INDIANAPOLIS – The leaders of Indiana communities hit hard by methamphetamine are arguing for a state law requiring prescriptions to buy cold and allergy pills that contain the key meth ingredient of pseudoephedrine.
But opponents of the prescription requirement say it would be a more expensive and time consuming step for law-abiding citizens that isn’t a proven way to stem the spread of meth abuse.
Indiana has long been at the center of the national meth epidemic and had the third-most meth lab seizures of any state last year. State lawmakers are considering a proposal to tighten existing limits on pseudoephedrine purchases, but mayors and some police groups say that even tougher steps are needed as communities face explosions and toxic chemical cleanups tied to meth cooking.
Evansville Mayor Lloyd Winnecke plans to testify before an Indiana House committee on Wednesday about the troubles that meth production have caused in his city, where the number of meth labs found has jumped from 20 or 30 several years ago to more than 100 each of the past two years.
Winnecke calls meth the No. 1 public safety problem in the state’s third-largest city, citing the fires, explosions and contaminations stemming from production of the illegal drug.
“It’s enormously time consuming,” he said. “It’s outrageously expensive.”
A bill pending in the House and approved by the state Senate last month would allow a consumer to buy up to 61 grams a year of ephedrine and pseudoephedrine. Current law limits purchases to 7.2 grams a month.
The proposal also would require all stores selling medicines containing ephedrine or pseudoephedrine to use a computerized system to track sales. A state law adopted two years ago requires pharmacies to use that tracking system, but convenience stores that sell only small packages are exempt.
Lawmakers over the last few years have declined to require prescriptions for the cold medicines.
Sen. Carlin Yoder, R-Middlebury, said he didn’t believe people with allergies and occasional illnesses should face the additional costs and hassles of getting prescriptions and that those people would still be able to buy enough medicine under the tighter limits proposed under the bill he’s sponsoring.
“To innocent people who need it, those limits aren’t going to come into play,” Yoder said. “But for those people who are buying this product to make meth, those limits will come into play because they need to buy stuff and get as much as they can.”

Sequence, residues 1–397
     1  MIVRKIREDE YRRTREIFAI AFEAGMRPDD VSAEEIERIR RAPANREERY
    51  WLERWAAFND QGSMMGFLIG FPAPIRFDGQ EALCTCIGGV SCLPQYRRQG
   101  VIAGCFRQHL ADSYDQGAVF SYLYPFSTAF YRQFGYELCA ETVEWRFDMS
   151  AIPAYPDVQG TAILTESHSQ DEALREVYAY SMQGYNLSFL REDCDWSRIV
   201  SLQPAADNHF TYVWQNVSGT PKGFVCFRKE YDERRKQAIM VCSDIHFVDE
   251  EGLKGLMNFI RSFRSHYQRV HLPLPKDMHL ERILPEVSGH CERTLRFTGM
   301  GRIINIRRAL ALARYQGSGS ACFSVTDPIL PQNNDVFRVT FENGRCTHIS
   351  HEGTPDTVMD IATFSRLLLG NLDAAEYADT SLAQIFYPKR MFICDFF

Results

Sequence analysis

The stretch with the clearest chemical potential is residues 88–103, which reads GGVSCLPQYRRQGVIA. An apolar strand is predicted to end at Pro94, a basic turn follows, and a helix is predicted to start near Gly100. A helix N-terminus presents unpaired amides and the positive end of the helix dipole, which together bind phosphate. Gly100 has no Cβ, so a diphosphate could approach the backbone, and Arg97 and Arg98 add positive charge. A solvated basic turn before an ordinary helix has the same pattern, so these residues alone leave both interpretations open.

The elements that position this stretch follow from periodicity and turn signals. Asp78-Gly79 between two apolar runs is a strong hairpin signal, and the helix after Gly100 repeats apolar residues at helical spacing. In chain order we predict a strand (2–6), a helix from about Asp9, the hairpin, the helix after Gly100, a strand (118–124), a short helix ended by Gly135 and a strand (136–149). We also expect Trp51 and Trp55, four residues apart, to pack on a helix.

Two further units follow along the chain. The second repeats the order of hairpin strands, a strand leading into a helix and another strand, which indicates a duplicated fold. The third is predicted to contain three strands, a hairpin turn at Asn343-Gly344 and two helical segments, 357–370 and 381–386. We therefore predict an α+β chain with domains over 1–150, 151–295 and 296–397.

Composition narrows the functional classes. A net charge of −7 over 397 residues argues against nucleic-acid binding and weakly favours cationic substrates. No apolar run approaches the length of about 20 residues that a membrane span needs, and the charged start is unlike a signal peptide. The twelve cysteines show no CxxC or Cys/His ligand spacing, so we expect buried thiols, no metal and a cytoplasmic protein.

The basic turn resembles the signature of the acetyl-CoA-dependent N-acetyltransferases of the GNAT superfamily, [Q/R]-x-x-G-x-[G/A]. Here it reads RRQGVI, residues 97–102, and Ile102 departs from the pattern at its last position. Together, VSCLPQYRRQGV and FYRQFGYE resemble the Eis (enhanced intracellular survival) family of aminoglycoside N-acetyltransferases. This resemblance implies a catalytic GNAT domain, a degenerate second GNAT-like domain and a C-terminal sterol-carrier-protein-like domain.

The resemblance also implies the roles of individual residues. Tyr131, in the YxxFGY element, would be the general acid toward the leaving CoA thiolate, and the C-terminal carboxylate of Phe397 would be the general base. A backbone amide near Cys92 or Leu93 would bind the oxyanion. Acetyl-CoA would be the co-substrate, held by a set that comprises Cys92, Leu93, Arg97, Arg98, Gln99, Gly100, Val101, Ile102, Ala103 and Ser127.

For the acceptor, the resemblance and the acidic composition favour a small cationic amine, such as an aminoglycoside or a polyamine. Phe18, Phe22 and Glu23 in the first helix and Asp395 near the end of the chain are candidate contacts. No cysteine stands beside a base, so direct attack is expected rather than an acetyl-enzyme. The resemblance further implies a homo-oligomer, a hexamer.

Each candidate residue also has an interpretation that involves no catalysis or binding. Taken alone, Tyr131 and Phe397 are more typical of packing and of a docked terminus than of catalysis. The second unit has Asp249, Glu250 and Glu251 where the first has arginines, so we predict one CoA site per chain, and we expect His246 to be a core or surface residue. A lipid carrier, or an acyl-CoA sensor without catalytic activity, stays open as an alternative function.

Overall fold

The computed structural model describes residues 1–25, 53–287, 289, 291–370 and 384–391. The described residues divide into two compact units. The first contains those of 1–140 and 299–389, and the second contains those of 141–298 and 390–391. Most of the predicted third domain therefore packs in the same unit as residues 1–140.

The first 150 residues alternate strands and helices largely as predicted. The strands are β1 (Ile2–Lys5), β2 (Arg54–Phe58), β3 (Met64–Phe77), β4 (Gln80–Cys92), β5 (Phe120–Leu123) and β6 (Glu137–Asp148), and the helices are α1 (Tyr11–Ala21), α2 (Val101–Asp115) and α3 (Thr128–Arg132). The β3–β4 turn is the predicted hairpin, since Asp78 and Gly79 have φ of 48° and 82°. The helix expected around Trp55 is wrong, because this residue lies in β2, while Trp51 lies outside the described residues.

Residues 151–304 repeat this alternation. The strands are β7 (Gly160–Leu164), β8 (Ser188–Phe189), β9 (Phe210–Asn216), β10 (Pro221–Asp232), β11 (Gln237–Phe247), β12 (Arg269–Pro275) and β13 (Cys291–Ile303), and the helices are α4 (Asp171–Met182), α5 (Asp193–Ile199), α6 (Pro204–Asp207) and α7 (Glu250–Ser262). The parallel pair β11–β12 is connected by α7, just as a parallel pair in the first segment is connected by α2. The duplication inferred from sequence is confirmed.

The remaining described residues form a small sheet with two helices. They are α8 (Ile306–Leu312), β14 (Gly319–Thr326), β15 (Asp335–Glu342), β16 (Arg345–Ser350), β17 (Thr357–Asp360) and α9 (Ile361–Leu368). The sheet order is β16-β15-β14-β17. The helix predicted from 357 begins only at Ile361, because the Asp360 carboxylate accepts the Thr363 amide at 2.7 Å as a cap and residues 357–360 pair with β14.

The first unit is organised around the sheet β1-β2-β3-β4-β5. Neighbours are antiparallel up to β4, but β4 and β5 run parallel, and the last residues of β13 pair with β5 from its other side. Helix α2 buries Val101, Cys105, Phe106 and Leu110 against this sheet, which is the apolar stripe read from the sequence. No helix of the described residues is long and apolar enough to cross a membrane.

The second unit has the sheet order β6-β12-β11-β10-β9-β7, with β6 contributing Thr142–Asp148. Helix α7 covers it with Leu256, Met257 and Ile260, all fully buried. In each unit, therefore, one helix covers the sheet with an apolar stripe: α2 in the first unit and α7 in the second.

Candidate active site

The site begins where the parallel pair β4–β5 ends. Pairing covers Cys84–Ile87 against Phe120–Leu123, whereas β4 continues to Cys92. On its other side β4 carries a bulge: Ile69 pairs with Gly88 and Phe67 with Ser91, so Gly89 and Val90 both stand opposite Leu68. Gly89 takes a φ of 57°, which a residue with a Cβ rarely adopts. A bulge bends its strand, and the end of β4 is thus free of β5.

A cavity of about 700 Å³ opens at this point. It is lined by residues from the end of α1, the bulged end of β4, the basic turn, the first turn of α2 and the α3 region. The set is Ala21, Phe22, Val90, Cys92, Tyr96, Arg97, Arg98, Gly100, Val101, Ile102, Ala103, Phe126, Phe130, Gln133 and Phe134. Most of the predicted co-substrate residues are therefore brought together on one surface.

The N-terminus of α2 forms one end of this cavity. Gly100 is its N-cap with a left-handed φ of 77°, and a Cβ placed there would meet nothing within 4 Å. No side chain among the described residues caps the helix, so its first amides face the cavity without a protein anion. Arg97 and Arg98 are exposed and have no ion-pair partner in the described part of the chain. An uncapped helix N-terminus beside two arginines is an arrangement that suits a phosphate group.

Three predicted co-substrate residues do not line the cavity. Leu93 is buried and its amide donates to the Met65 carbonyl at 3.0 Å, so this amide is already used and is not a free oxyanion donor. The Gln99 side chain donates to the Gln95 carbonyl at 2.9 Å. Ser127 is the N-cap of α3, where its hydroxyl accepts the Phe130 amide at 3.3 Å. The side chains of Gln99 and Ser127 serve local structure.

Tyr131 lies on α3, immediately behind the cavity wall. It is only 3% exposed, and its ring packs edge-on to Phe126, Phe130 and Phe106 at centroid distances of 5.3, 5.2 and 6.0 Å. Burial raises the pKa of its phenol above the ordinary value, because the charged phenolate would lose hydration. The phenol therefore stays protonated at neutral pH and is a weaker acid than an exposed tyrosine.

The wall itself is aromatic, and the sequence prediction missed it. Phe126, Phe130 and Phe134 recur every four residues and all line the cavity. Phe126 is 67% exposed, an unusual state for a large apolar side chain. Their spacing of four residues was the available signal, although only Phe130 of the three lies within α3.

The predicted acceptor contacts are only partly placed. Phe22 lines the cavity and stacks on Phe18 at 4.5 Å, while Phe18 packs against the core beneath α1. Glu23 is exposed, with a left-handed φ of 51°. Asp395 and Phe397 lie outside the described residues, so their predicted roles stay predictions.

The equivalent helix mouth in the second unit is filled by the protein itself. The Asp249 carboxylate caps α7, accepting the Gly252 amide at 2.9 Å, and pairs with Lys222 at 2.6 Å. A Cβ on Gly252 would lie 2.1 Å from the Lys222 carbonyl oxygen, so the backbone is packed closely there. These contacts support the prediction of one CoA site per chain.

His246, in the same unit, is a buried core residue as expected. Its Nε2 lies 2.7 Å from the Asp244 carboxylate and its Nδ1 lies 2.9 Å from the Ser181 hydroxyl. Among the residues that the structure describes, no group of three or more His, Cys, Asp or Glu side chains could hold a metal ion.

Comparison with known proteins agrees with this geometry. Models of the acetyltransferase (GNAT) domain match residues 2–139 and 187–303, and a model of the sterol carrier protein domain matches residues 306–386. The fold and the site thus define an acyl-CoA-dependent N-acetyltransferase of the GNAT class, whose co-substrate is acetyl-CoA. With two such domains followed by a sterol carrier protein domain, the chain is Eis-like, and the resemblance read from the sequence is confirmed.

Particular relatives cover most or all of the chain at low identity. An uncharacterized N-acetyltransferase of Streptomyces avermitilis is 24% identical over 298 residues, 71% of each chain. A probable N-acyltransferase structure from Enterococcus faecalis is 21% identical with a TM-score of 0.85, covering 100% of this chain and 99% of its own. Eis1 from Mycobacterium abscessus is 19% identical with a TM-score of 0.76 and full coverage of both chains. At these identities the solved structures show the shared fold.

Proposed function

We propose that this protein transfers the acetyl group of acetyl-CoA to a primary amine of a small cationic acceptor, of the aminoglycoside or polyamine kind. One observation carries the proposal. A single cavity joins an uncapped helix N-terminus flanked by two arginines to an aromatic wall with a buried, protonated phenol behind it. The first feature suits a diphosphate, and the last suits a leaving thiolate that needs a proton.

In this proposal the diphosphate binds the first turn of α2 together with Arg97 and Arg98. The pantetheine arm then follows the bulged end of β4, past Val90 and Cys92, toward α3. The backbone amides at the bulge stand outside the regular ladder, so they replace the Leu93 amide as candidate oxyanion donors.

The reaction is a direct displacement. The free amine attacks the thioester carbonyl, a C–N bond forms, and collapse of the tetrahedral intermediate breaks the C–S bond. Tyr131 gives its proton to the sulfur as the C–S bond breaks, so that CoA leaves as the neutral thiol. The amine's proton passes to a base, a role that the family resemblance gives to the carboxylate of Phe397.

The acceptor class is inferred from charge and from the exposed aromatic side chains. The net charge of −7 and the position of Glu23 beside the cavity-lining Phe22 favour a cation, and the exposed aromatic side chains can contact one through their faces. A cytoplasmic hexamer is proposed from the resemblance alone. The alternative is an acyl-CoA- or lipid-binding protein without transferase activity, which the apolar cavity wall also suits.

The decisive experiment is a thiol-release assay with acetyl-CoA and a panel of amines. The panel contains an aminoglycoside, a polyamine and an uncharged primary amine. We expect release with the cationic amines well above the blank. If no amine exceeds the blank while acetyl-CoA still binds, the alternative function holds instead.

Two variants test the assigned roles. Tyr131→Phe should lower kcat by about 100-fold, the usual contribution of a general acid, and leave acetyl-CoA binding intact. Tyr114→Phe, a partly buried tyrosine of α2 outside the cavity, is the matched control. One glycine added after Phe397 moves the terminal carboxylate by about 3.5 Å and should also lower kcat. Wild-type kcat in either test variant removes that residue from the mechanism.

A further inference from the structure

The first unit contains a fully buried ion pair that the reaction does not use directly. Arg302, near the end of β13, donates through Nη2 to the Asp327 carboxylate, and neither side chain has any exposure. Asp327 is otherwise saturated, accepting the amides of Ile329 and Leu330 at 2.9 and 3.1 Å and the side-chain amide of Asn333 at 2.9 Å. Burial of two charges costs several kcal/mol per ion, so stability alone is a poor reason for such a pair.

Federal law requires stores to keep pseudoephedrine-based products behind the counter, and two states – Mississippi and Oregon – require a prescription.
Those states have seen huge drops in meth lab seizures, with Oregon having nine and Mississippi having five last year, according to the U.S. Drug Enforcement Administration. Indiana had 1,429 meth lab incidents reported by police last year – trailing only Missouri and Tennessee.
Yoder’s bill would also increase the criminal penalties for a person convicted of buying 10 grams or more of the medications and then providing it to a meth maker. The proposal would make that action – known as “smurfing” – punishable by two to eight years in prison.
Rep. Rebecca Kubacki, R-Syracuse, and a few other lawmakers introduced bills this year seeking to require prescriptions for the pseudoephedrine-based medications. Those bills didn’t advance, and Kubacki said she didn’t expect enough lawmakers agreed with her yet to take that step.
Kubacki said the constant discovery of meth labs in many rural communities hurts their ability to attract new residents and businesses and burdens local governments with many expenses.
“The cost to an individual for what they’d pay for pseudoephedrine is nothing compared to what we’re paying to put these people in jail, then deal with their horrible physical problems, those kids who are put in social services at taxpayer expense,” she said. “The taxpayer pays tenfold what you would for making one doctor visit.”
State police estimate that the average cleanup cost for a meth lab is about $2,280, not including costs for social service agencies, jail time or medical care, according to the nonpartisan Legislative Services Agency.
Winnecke, the Evansville mayor, said he supported the tighter limits included in the current legislative proposal. He said didn’t expect the Legislature to agree on requiring pseudoephedrine prescriptions this year but that it was important for local officials to continue explaining the situation they face.
“If we don’t have meth labs to run down, (police) can do more intervention work, they could do more investigative work,” he said. “We could deploy those resources in other ways that still battle drug problems.”
Kubacki said she expects support for tougher anti-meth measures to continue to grow in the Legislature – including for pseudoephedrine prescription requirements.
“I’ll bring it back next year,” she said. “Because I can guarantee we’ll have more meth addicts next year, we’re going to have more children taken out of homes and we’re going to have more houses burned.”